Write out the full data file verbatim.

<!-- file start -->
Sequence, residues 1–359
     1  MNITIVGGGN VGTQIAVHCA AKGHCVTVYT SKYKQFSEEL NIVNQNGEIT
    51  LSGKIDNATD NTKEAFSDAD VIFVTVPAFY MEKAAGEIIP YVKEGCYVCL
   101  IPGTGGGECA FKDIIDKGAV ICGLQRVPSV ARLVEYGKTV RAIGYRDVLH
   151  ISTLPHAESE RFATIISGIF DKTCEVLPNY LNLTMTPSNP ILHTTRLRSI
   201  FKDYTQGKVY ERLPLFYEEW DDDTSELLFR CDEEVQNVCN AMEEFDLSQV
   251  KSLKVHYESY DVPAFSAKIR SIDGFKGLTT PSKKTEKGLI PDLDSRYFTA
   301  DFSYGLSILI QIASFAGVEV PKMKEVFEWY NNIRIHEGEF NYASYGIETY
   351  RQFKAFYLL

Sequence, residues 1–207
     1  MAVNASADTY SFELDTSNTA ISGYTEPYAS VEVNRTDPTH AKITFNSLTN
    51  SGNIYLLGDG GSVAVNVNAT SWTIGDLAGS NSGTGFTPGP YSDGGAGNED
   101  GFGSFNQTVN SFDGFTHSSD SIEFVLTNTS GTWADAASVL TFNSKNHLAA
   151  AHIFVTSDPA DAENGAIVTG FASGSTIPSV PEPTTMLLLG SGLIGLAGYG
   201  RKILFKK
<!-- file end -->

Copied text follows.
Sequence, residues 1–359
     1  MNITIVGGGN VGTQIAVHCA AKGHCVTVYT SKYKQFSEEL NIVNQNGEIT
    51  LSGKIDNATD NTKEAFSDAD VIFVTVPAFY MEKAAGEIIP YVKEGCYVCL
   101  IPGTGGGECA FKDIIDKGAV ICGLQRVPSV ARLVEYGKTV RAIGYRDVLH
   151  ISTLPHAESE RFATIISGIF DKTCEVLPNY LNLTMTPSNP ILHTTRLRSI
   201  FKDYTQGKVY ERLPLFYEEW DDDTSELLFR CDEEVQNVCN AMEEFDLSQV
   251  KSLKVHYESY DVPAFSAKIR SIDGFKGLTT PSKKTEKGLI PDLDSRYFTA
   301  DFSYGLSILI QIASFAGVEV PKMKEVFEWY NNIRIHEGEF NYASYGIETY
   351  RQFKAFYLL

Sequence, residues 1–207
     1  MAVNASADTY SFELDTSNTA ISGYTEPYAS VEVNRTDPTH AKITFNSLTN
    51  SGNIYLLGDG GSVAVNVNAT SWTIGDLAGS NSGTGFTPGP YSDGGAGNED
   101  GFGSFNQTVN SFDGFTHSSD SIEFVLTNTS GTWADAASVL TFNSKNHLAA
   151  AHIFVTSDPA DAENGAIVTG FASGSTIPSV PEPTTMLLLG SGLIGLAGYG
   201  RKILFKK